Beginning early next year, the studios and other content providers will begin to add universal ID codes to millions of video assets, which will help content firms and distributors identify multiple versions of the same video. Executives say the goal of the Entertainment Identifier Registry (EIDR) is to ensure that the correct version of a video is delivered to various devices, and that the effort should lower costs and result in more efficient distribution.
"There was a need to have a universal ID mechanism similar to a UPC code or ISBN [International Standard Book Numbercode] for books. There was nothing in the industry that at a high level identified digital movie and programming assets," says CableLabs VP and deputy general counsel Jud Cary.
CableLabs is teaming up with Comcast, interactive program guide specialist Rovi, and MovieLabs on the project, which will be managed initially by Rovi. The companies plan to announce their plans for the nonprofit registry today.
The registry will assign a 22-digit code to movies and TV assets, with each version of a video receiving one of the unique codes. Cary says the registry could help distributors differentiate between formats such as MPEG-2 or MPEG-4.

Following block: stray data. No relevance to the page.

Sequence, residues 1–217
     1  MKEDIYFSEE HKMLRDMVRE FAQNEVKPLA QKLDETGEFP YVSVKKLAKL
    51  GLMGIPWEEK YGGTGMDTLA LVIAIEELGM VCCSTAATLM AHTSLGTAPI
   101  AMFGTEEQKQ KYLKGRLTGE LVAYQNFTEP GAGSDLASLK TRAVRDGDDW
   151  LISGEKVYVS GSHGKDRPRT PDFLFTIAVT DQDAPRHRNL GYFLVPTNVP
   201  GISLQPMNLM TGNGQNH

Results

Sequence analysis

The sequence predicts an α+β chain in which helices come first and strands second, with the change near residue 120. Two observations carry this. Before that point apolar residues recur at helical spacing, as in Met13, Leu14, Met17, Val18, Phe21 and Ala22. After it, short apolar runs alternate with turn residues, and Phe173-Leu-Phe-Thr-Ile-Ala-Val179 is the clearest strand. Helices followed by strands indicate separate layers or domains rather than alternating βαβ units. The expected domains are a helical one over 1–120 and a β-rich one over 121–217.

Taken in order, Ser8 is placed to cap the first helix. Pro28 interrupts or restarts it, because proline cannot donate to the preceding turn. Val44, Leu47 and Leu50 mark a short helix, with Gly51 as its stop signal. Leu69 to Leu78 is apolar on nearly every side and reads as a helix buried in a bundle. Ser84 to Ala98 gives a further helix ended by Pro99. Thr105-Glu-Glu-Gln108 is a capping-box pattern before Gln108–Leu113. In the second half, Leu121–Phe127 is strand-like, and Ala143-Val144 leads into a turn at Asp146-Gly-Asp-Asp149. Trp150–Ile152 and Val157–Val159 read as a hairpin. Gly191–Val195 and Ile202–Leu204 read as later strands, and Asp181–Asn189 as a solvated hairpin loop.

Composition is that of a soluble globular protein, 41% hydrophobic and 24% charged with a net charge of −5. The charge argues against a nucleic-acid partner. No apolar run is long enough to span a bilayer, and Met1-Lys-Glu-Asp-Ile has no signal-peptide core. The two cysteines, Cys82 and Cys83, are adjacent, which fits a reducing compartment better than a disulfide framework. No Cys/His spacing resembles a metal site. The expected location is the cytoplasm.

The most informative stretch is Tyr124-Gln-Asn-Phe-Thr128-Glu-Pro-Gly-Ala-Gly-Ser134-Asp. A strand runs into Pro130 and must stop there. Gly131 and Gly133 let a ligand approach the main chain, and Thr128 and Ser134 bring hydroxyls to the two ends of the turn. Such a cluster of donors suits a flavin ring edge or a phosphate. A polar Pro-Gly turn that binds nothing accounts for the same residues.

Initial members include the studios that fund the MovieLabs joint venture -- Paramount Pictures Corp. , Sony Pictures Entertainment, 20th Century Fox , Universal Pictures, Walt Disney Co. (NYSE: DIS), and Warner Bros. Entertainment Inc. . Several other industry players are members, including Neustar Inc. (NYSE: NSR), Sonic Solutions (Nasdaq: SNIC), and Deluxe Entertainment Group.
The studios are working separately with Comcast, Cox Communications Inc. , Neustar, and other firms on an effort to create a digital rights locker that would allow consumers to buy a DVD in retail outlets, and access the video on cable VoD, portable media players, and other devices at no additional charge. (See Consortium Labels Its TV Everywhere Locker.)
Cary says Rovi is providing services to get the EIDR up and running, and that the coalition will only look to recover its costs.
— Steve Donohue, Special to